Dave Pelz’s Mailbag

October 19, 2007

If you have a question for Dave Pelz, e-mail him at [email protected]

Dear Dave,
I recall seeing a table in GOLF Magazine that showed chipping ratios, carry to roll, as detailed below:


6-Iron 1:6
7-Iron 1:5
8-Iron 1:4
9-Iron 1:3
PW 1:2

Do you agree with these ratios? — Steve

Dear Steve,
The lower the loft of the club used for chipping, the greater the roll. With more loft and the same chipping motion, the ball will fly higher but roll less.

Let me recommend an exercise to give you some confidence in your chipping: Take your entire set of clubs to a practice green and get a basket of balls. Go to one end of the practice green and start chipping with your lowest-lofted iron. Use the same chipping swing and go through every iron in your bag until you get to your most lofted wedge.

We teach students to control their chipping distance by using the same chipping motion and changing clubs. Be sure to play the ball back in your stance and in the same position with all clubs.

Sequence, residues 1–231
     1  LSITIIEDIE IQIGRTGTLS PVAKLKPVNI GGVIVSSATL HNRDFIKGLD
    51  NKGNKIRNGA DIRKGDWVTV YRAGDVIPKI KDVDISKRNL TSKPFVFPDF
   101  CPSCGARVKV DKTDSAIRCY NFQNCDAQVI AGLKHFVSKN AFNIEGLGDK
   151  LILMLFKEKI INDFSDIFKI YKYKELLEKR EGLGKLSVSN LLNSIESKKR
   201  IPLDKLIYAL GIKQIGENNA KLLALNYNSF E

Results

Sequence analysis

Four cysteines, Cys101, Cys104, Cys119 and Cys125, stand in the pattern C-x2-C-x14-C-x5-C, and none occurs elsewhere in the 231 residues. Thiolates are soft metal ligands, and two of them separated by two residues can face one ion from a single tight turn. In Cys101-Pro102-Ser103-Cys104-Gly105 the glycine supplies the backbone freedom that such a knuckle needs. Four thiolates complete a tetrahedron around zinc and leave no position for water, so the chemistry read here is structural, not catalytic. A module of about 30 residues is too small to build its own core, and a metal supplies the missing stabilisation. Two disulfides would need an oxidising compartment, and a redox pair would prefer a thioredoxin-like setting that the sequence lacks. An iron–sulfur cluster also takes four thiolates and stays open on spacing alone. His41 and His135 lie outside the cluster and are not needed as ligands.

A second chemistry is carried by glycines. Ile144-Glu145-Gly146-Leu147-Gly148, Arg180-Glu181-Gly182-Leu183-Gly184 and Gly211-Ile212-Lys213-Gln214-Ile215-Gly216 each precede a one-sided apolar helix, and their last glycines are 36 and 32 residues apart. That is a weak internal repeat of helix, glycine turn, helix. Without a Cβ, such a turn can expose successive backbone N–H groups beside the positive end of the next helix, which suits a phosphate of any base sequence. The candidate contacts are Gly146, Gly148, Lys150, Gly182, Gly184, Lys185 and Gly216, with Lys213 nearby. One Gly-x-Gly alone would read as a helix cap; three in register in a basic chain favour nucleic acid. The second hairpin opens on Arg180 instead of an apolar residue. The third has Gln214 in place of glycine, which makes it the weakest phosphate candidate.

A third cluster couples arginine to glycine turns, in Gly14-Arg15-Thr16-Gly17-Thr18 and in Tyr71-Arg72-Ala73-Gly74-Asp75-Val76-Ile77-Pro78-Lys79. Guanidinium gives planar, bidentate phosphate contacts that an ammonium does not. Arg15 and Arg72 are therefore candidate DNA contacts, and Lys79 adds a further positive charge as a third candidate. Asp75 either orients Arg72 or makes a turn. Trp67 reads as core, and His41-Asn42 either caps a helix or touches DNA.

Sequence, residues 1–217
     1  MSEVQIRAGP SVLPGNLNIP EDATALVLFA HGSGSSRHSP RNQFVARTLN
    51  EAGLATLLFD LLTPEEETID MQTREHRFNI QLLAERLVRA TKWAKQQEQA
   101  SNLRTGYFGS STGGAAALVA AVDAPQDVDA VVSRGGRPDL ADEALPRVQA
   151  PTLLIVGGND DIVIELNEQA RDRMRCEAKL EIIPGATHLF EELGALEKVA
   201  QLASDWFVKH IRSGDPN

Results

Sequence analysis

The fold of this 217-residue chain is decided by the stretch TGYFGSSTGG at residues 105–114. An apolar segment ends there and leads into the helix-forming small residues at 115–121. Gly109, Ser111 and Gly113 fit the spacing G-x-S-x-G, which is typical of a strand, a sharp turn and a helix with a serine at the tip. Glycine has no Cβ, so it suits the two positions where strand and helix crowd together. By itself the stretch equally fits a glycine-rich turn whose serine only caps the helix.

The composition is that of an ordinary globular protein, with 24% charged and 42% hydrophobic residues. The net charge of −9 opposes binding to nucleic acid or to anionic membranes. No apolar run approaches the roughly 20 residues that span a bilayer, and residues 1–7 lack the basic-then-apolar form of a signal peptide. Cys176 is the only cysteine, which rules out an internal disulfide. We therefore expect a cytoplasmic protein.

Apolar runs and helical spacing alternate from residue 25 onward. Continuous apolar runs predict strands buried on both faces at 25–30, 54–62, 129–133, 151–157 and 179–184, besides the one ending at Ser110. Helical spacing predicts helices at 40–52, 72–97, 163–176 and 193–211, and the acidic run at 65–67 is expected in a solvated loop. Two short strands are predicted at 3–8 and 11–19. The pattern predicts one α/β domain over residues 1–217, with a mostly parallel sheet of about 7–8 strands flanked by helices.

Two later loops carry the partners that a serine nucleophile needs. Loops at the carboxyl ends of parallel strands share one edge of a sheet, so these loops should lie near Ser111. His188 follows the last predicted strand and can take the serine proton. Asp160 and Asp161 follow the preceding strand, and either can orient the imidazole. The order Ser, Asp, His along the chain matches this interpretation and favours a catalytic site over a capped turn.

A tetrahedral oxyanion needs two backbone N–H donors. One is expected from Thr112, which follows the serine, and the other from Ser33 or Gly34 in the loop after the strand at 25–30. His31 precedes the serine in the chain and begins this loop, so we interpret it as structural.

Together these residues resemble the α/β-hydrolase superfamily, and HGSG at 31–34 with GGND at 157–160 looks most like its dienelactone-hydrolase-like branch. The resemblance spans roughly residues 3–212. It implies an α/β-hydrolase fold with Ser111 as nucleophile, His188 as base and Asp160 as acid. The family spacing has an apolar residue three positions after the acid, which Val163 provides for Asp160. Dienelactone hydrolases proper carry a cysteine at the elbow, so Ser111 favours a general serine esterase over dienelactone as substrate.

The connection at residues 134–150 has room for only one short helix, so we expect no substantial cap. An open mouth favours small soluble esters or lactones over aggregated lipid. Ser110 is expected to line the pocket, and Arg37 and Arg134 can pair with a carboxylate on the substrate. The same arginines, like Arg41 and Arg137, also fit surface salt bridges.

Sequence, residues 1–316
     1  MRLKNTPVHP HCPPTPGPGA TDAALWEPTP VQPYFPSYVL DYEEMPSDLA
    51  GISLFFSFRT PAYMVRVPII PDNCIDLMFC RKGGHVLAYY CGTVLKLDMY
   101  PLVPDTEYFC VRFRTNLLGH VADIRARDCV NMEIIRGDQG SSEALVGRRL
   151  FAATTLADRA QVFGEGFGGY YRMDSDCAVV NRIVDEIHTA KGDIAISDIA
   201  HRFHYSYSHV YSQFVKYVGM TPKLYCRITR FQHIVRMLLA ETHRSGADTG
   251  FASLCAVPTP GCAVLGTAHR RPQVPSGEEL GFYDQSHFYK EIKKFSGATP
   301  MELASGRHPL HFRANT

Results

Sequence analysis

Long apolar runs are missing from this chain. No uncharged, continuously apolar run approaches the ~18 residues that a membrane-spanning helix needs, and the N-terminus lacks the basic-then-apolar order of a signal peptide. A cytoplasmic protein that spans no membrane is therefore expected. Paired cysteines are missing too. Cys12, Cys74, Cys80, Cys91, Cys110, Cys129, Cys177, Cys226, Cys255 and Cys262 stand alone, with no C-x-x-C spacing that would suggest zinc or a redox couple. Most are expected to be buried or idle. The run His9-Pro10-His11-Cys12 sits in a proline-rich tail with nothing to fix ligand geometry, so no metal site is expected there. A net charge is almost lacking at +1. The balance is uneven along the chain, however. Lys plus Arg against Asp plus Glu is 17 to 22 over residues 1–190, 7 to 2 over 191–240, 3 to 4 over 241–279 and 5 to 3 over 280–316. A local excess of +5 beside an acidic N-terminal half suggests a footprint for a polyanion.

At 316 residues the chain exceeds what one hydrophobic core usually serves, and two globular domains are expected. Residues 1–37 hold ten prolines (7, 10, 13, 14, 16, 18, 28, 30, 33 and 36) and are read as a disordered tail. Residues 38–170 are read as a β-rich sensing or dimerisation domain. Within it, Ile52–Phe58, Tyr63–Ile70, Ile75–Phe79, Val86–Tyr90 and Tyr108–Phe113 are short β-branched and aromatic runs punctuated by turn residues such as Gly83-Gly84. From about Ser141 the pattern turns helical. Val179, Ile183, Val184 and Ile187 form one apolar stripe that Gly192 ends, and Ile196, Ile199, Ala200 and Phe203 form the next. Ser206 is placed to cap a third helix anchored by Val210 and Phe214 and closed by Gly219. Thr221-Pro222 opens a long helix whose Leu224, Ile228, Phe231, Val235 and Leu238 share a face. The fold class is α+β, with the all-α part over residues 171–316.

Get to know what distance you chip a few different clubs, and remember: You can chip with every club in the bag, including the 60-degree wedge (in the case of a slick downhill chip to a pin about 8 yards away).

Dear Dave,
In the chipping section of Pelz’s Short Game Bible, you talk about playing the ball 2-3 inches behind the center of your stance, which would be off your back ankle. This keeps the ball rolling low to the ground and helps you create crisp contact.

But later in the chapter you discuss backspin, and write that backspin only hurts a chip. Since the further back in your stance the ball is played, the more backspin you’ll put on it, aren’t you contradicting yourself? — Stu

Dear Stu,
The low-lofted clubs used to hit chips and low, running shots do not cause enough backspin to cause serious problems.

Yes, playing the ball back causes slightly more backspin, but ball position makes more difference with higher-lofted clubs, which produce much more backspin. We’ve found that the back ankle position doesn’t cause enough spin to hurt running chip shots and is the best way for people to make crisp contact.

Remember, spin is created when the club face passes the ball, which slides up the face of a lofted club. Spin can also increase when the club pinches the ball against a firm surface like hardpan or firm sand. On low-running chip shots, the club never passes the ball or hits it hard enough to make it slide up the face, so they won’t have much spin.

If you have a question for Dave Pelz, e-mail him at [email protected]